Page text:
Hi.

Welcome to my blog. I document my adventures in travel, style, and food. Hope you have a nice stay!

Reclaiming your digital identity

Reclaiming your digital identity

The recent discovery that Cambridge Analytica harvested millions of Facebook user's digital identities to exploit for political purposes has caused a whirlwind of recriminations.

Whilst Facebook and Cambridge Analytica will (rightly) be the target of finger pointing, the misuse of personal data should not come as a surprise. The tech giants such as Facebook and Google have been selling our data for years; it sits at the heart of their business. We all know this. Users of such services have decided they just don't care. 

The outrage here comes largely because it potentially played a role in the 2016 US election and Brexit referendum. Again, the surprise is slightly overdone - ever since Barack Obama's victory in 2008 the role of Big Data in securing votes has been obvious. To think that political operations weren't stretching the use of analytics in the decade since is naive. 

But the anger also comes because the data was sold on without consent (just as it will have been many times before without our knowing) and, without the help of a whistleblower, no-one would have ever been the wiser. People sense a tangible link between their data being shared and a deeply divisive election result.

The rapid advancement of the twin headed dragon of social media and mobile phones in the last 10-15 years into a large part of people's lives has not been met by an accompanying evolution of awareness in our online identities. Most (by no means all) people know enough to not post their credit card details or home addresses online. But very few know (or care) about the wider and much more useful data that companies use about us. 

Big Data collates every trace of our digital footprint, from search results to mapping our movements to internet usage and shopping habits. This Vice article, released in January prior to the exposé, explains in greater detail the vast range of signals we leave every second we are using social media or our phones. 

But it was not just about “likes” or even Facebook: Kosinski and his team could now ascribe Big Five [a persons openness, conscientiousness, extroversion, agreeableness and neuroticism] values based purely on how many profile pictures a person has on Facebook, or how many contacts they have (a good indicator of extraversion).

But we also reveal something about ourselves even when we’re not online. For example, the motion sensor on our phone reveals how quickly we move and how far we travel (this correlates with emotional instability). Our smartphone, Kosinski concluded, is a vast psychological questionnaire that we are constantly filling out, both consciously and unconsciously.
— https://motherboard.vice.com/en_us/article/mg9vvn/how-our-likes-helped-trump-win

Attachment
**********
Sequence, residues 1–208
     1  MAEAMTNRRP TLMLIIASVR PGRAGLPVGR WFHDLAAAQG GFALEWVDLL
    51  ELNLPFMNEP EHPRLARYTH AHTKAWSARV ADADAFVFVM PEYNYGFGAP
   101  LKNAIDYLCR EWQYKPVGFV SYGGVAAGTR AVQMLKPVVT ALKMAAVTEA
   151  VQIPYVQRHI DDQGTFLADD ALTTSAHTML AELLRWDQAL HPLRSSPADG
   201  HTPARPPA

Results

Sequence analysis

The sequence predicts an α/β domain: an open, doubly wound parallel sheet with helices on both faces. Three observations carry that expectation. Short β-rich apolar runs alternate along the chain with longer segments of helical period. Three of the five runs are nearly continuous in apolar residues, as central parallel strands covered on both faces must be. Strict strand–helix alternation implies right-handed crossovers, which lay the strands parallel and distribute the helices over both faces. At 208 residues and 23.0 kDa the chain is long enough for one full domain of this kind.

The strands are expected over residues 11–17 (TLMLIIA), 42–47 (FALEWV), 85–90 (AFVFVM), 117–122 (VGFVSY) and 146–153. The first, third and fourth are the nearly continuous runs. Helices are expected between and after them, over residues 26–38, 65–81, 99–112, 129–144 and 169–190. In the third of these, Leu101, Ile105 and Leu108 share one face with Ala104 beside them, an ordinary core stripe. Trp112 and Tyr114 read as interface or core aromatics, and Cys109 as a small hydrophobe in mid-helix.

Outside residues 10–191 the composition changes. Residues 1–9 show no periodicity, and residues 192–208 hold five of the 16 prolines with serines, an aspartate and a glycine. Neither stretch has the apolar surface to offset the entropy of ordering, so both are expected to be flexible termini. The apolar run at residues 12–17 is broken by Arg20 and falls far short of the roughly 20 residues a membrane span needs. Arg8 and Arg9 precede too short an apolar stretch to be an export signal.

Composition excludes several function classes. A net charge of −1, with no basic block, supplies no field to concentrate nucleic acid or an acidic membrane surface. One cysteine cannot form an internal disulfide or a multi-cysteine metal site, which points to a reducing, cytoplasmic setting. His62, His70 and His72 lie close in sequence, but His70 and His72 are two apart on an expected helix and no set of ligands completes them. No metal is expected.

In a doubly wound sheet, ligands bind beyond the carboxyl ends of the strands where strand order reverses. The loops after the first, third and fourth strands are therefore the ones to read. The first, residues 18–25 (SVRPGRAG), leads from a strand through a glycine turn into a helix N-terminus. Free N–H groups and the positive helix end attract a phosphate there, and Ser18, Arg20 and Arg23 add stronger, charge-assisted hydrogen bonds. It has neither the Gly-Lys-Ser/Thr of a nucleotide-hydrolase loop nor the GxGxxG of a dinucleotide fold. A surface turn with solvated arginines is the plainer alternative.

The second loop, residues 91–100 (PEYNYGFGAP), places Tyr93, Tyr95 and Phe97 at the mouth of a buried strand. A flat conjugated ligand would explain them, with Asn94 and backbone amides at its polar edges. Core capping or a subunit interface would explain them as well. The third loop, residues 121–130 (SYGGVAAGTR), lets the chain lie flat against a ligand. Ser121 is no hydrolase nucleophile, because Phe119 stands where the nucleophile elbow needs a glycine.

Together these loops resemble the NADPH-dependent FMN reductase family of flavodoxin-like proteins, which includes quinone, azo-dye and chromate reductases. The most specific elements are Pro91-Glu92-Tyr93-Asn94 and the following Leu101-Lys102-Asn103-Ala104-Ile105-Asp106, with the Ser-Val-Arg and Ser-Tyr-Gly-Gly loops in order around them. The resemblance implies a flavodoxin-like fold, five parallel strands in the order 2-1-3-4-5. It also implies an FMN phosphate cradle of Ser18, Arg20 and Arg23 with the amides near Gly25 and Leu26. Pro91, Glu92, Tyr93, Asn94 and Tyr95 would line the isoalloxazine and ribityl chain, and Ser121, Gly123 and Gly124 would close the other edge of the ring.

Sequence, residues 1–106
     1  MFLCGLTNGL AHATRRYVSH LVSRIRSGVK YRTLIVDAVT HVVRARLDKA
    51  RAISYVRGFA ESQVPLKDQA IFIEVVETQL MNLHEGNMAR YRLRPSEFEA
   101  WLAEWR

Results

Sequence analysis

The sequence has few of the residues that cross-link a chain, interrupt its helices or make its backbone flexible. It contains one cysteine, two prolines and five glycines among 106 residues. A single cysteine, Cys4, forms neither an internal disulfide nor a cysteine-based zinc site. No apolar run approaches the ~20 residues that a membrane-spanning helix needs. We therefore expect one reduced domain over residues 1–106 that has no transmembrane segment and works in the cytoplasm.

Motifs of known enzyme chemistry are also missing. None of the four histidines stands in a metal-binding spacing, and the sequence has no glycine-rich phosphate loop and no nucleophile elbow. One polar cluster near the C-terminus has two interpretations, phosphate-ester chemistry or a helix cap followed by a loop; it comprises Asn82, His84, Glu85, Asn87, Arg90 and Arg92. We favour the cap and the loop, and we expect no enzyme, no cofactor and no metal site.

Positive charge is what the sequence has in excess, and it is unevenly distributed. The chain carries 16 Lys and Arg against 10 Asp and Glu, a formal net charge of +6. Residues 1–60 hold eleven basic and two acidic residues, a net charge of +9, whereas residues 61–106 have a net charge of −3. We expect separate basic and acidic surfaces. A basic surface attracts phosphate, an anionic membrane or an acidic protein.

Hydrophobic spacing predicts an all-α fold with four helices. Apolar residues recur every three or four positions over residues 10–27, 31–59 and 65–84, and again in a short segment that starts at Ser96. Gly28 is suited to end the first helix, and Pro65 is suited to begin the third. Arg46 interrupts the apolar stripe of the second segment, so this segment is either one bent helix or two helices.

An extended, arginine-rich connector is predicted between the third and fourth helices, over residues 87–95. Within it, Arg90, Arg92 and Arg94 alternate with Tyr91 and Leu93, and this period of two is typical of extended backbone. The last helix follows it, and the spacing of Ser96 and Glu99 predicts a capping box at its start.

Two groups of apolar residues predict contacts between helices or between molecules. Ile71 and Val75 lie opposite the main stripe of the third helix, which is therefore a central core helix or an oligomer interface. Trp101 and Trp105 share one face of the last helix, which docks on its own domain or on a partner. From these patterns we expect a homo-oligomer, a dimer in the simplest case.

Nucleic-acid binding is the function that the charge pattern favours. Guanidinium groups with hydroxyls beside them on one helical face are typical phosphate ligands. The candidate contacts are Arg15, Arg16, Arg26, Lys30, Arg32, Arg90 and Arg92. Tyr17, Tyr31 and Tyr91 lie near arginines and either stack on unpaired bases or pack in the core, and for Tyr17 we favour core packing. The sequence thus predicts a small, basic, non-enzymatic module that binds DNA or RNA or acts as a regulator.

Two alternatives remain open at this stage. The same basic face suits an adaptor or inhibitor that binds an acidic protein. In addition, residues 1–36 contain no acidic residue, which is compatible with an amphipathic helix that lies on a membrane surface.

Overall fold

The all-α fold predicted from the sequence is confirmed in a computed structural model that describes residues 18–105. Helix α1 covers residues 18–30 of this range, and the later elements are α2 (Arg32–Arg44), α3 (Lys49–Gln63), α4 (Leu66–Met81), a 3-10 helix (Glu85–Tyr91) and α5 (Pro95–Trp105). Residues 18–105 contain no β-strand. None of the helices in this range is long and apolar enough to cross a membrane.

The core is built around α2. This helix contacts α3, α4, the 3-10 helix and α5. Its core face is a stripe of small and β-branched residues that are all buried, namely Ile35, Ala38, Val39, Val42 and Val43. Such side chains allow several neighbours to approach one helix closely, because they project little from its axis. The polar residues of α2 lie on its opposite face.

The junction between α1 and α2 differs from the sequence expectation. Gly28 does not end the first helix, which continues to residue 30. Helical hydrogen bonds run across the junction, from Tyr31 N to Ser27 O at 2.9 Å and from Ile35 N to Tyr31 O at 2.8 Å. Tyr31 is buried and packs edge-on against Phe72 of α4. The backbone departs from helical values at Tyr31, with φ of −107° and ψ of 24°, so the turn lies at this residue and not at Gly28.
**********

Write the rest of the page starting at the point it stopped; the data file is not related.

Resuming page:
But our data is under threat from more sources than just social media. Cambridge Analytica, for example, used data ranging from house sales, shopping reward schemes, travel websites, credit agencies, online libraries - everything they could use was used. Our personal information is readily available for sale, linking everything you do online with all you do offline. 

As the Cambridge Analytica CEO, Alexander Nix, claimed: "We have profiled the personality of every adult in the United States of America—220 million people."

This changes Big Data from a simple tool, categorising people by their broad likes and dislikes (e.g. likes Football) into an intelligent machine which knows more about you than your friends will. In the hands of a malicious actor, such as appears the case in the Trump campaign, this data can then be used to manipulate you to vote - or to stay away. 

“We can address villages or apartment blocks in a targeted way. Even individuals.”

In the Miami district of Little Haiti, for instance, Trump’s campaign provided inhabitants with news about the failure of the Clinton Foundation following the earthquake in Haiti, in order to keep them from voting for Hillary Clinton.
— https://motherboard.vice.com/en_us/article/mg9vvn/how-our-likes-helped-trump-win

So what can we do about it? Do we have a choice? Is there an alternative? 

Blockchain has a number of potential uses, but one of the most immediate ways it could enter public consciousness for something other than volatile price movements could be through safeguarding personal data. 

Instead of your data being in the hands of companies which are prone to being hacked, you would instead control your own data and then choose which parts of it to share at a given time. 

For example, you create an ID on the blockchain in the same way you would create a Bitcoin address. You then upload data about yourself e.g. passport, bank statements, proof of address, date of birth etc. Then, when you encounter a company that requires your information (e.g. you apply for a mortgage) you could share just the parts of your information you wish to share. All information remains yours at all times. Projects such as SelfKey and Civic are currently working on bringing this to reality.

There are numerous obstacles standing in the way of this being realised, but how people's personal information is being used will only become more of a concern as technology progresses. Recent products such as Alexa and other home monitoring devices will provide a whole host of other potential insights into how people live, act and think. Companies will continue to get hacked and the (mis)use of our data will only escalate now that it has been considered to have successfully impacted on an election in the most powerful democracy in the world. Blockchain is not a magical panacea, but it does have the potential to help us lock down our personal information. 

Part 1: Why DAGs don't scale without centralisation

Part 1: Why DAGs don't scale without centralisation

Panic and fear

Panic and fear

0